Green Sea Turtle on beach at French Frigate Shores


Green sea turtles are reptiles whose ancestors evolved on land and returned to the sea to live about 150 million years ago. They are one of the few species so ancient that they watched the dinosaurs evolve and become extinct. The biological classification of the green sea turtle is listed below:

Kingdom     Anamalia
Phylum      Chordata (vertebrates)
Class       Reptilia (reptiles)
Order       Chelonia (turtles and tortoises)
Family      Cheloniidae (true sea turtles)
Genus       Chelonia
Species     mydas
sub-species aggazizi (Hawaiian population)

As reptiles, green sea turtles, like all other species of sea turtles, possess the following traits:
In addition to these reptilian traits, all species of turtles have evolved a bony outer shell which protects them from predators, as turtles are not known for their speed. The shell covers both the dorsal (back) and ventral (belly) surfaces and is considered the most highly developed protective armor of any vertebrate species to have ever lived. The dorsal portion of the shell is known as the carapace and is covered with large scale-like structures called scutes. The ventral portion of the shell is known as the plastron. The carapace and plastron are connected at the sides by hard-shelled plates known as lateral bridges. Openings exist between the carapace and plastron for the head, tail, and limbs. While most species of land turtles and tortoises are able to retract their heads into their shells for added protection, sea turtles are not able to do so, and their heads remain out at all times.

The sea turtle's body is wonderfully adapted to life in the ocean. Their shells are lighter and more streamlined than those of their terrestrial counterparts, and their front and rear limbs have evolved into flippers making them efficient and graceful swimmers, capable of swimming long distances in a relatively short period of time. Sea turtles have been known to move through the water as fast as 35 mph. When active, sea turtles swim to the surface every few minutes in order to breathe. When sleeping or resting, which usually occurs at night, adult sea turtles can remain underwater for more than 2 hours without breathing. This is due to the fact that turtles are capable of containing higher concentrations of carbon dioxide in their blood than most other air-breathing animals, enabling them to use their oxygen very efficiently. Both muscles and blood are able to store oxygen in large quantities, allowing sea turtles to remain underwater for such long periods of time. Juvenile sea turtles have not developed this ability as well as adults and must sleep afloat at the water's surface.

In addition to solving the problems of swimming and breathing, sea turtles have also come up with an ingenious way to rid their bodies of the salts they accumulate from the seawater in which they live. Just behind each eye is a salt gland. The salt glands help sea turtles to maintain a healthy water balance by shedding large "tears" of excess salt. If a sea turtle appears to be "crying" it is usually not cause for alarm, as the turtles are merely keeping their physiology in check. It is not because they are upset or sad.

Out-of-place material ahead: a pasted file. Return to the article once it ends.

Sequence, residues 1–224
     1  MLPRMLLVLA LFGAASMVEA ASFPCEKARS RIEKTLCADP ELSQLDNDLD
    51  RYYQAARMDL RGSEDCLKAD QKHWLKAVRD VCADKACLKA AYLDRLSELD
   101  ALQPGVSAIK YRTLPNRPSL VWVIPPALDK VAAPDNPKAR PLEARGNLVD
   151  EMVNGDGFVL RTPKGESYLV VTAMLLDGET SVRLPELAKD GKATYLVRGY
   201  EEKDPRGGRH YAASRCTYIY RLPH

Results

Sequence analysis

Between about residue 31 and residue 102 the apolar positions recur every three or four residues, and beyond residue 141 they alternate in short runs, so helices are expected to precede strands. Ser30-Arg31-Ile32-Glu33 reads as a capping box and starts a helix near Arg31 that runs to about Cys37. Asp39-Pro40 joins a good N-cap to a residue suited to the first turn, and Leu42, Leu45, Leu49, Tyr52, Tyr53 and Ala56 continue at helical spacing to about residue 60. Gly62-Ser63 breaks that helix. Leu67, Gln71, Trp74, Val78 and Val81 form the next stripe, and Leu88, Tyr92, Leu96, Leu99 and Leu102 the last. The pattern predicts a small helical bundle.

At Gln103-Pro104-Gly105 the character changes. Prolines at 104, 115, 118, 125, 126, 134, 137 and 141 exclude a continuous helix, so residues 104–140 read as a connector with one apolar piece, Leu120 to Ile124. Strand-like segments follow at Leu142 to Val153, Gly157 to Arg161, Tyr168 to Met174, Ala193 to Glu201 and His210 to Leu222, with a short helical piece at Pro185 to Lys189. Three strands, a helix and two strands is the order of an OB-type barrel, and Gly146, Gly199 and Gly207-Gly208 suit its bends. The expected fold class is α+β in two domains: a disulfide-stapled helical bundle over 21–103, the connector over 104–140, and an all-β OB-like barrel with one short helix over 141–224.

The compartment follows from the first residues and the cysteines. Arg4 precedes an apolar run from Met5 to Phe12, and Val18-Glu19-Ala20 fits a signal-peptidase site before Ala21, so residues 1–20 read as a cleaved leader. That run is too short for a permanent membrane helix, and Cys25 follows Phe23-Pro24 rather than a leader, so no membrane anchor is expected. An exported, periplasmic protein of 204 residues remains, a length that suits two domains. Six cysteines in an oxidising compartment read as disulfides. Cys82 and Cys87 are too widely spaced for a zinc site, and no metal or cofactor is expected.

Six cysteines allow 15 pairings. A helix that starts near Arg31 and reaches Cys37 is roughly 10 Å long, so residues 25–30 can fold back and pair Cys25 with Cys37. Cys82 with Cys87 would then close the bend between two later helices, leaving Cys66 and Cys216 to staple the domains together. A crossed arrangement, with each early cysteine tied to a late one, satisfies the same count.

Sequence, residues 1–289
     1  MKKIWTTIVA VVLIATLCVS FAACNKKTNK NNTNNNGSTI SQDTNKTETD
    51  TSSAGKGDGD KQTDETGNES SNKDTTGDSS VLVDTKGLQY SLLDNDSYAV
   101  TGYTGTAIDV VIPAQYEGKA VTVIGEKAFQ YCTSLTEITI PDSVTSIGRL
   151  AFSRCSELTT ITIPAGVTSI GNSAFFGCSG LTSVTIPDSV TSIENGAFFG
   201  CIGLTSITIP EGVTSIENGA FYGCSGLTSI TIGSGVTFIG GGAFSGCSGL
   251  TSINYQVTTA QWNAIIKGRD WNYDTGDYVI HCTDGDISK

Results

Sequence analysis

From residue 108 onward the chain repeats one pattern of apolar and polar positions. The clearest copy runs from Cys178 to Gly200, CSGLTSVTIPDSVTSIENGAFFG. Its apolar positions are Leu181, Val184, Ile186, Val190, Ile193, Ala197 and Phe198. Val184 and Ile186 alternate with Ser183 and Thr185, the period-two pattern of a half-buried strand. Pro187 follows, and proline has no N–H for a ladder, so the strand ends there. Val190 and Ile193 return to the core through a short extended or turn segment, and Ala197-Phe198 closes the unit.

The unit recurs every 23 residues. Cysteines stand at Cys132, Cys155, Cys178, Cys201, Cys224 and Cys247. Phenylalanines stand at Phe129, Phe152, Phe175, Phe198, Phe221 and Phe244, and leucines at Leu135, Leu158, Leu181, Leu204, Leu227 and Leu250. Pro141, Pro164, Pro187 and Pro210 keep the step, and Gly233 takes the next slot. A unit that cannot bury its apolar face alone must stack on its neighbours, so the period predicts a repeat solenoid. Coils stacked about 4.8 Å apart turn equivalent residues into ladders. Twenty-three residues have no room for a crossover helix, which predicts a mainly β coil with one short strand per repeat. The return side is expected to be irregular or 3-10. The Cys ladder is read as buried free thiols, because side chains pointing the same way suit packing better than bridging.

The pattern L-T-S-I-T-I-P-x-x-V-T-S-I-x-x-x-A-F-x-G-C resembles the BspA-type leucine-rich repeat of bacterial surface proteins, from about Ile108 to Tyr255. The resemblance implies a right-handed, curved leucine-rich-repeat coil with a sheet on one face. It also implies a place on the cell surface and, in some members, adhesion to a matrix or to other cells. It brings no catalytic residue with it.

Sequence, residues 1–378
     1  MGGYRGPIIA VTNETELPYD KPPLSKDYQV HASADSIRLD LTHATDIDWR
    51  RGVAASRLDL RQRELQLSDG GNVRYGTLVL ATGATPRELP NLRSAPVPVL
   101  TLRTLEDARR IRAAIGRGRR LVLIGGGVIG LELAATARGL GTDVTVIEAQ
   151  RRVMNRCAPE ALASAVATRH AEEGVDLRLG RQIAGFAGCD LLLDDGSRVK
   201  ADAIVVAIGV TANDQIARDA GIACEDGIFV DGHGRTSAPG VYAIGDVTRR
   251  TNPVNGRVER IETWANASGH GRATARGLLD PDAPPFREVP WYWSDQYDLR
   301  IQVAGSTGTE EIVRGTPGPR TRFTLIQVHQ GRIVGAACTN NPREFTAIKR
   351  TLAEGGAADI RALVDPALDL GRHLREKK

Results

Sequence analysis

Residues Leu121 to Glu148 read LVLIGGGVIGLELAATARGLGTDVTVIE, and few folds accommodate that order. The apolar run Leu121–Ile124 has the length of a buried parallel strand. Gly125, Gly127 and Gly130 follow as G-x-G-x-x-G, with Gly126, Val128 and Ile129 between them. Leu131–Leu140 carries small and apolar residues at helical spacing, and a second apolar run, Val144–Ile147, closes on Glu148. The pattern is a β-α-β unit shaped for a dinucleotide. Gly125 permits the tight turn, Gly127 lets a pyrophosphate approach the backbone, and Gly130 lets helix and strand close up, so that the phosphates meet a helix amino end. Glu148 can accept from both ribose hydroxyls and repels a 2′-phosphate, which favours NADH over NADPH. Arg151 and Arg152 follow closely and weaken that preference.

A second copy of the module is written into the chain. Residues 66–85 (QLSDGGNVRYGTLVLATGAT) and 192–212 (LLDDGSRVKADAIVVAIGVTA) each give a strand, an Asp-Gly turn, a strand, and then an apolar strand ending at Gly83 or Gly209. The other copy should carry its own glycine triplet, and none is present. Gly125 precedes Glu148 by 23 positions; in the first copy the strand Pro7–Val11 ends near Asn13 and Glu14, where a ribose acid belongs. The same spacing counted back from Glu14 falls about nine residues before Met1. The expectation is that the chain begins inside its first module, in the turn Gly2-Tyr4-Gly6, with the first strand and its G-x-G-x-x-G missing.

Four of the seven existing species of sea turtles can be found in Hawaiian waters. They are the green sea turtle, the hawksbill, the leatherback and the olive ridley. Of these, by far the most common is the green sea turtle, or honu (pronounced hoe'-new), as it is known in Hawaiian.


Green sea turtles, Chelonia mydas, get their name from the color of their body fat, which is green from the algae or limu they eat. Adult green sea turtles are herbivores, meaning that they eat only plants, and therefore do not pose a threat to any other marine animals. Similar to cows, green sea turtles depend on bacteria in their guts for digestion of plant material. Juvenile green sea turtles on the other hand are carnivorous. Their diet consists of jellyfish and other invertebrates. Adult green sea turtles can weigh up to 500 pounds and are often found living near coral reefs and rocky shorelines where limu is plentiful. Although the carapaces of green sea turtles are mostly dark brown in color, they can be covered with patches of algae on which fishes in turn feed. This type of feeding arrangement is an example of symbiosis. Symbiosis occurs when a relationship forms between individuals of two different species for an extended period of time. This particular relationship of the fish eating algae off the turtle's shell would be considered a form of mutualism, a type of symbiosis in which both species benefit from their association. Here, the fish get a free meal, and the sea turtle gets a clean shell.

The life span of sea turtles in not known. Hawaiian green sea turtles seem to grow very slowly in the wild, usually taking between 10 and 50 years to reach sexual maturity - 25 years is the average. Their long period of maturation helps to explain why it takes sea turtles so many years to recover from a substantial population decline. Male and female green sea turtles look virtually alike until they mature. Then, the two sexes are easy to tell apart: the males have long, thick tails, while the females have short, stubby ones. This is an example of sexual dimorphism, or, the ability to differentiate between the sexes of a particular species on the basis of external body characteristics.

Although green sea turtles live most of their lives in the ocean, adult females must return to land in order to lay their eggs. Biologists believe that nesting female turtles return to the same beach where they were born. This beach is referred to as a natal beach. Often sea turtles must travel long distances from their feeding grounds to their natal beach. Just how sea turtles find their natal beaches is not known. Hawaii's green sea turtles migrate as far as 800 miles from their feeding areas along the coasts of the main Hawaiian islands to their nesting beaches in the Northwestern Hawaiian islands. Males accompany the females during the migration, which usually occurs in the late spring, and mate with them off the shores of the nesting beaches. The most popular nesting beaches are on French Frigate Shoals, where an estimated 90% of the Hawaiian population of green sea turtles mate and lay their eggs. Females do not mate every year, but when they do, they come ashore often- as many as five times every 15 days to make nests in the sand and lay eggs.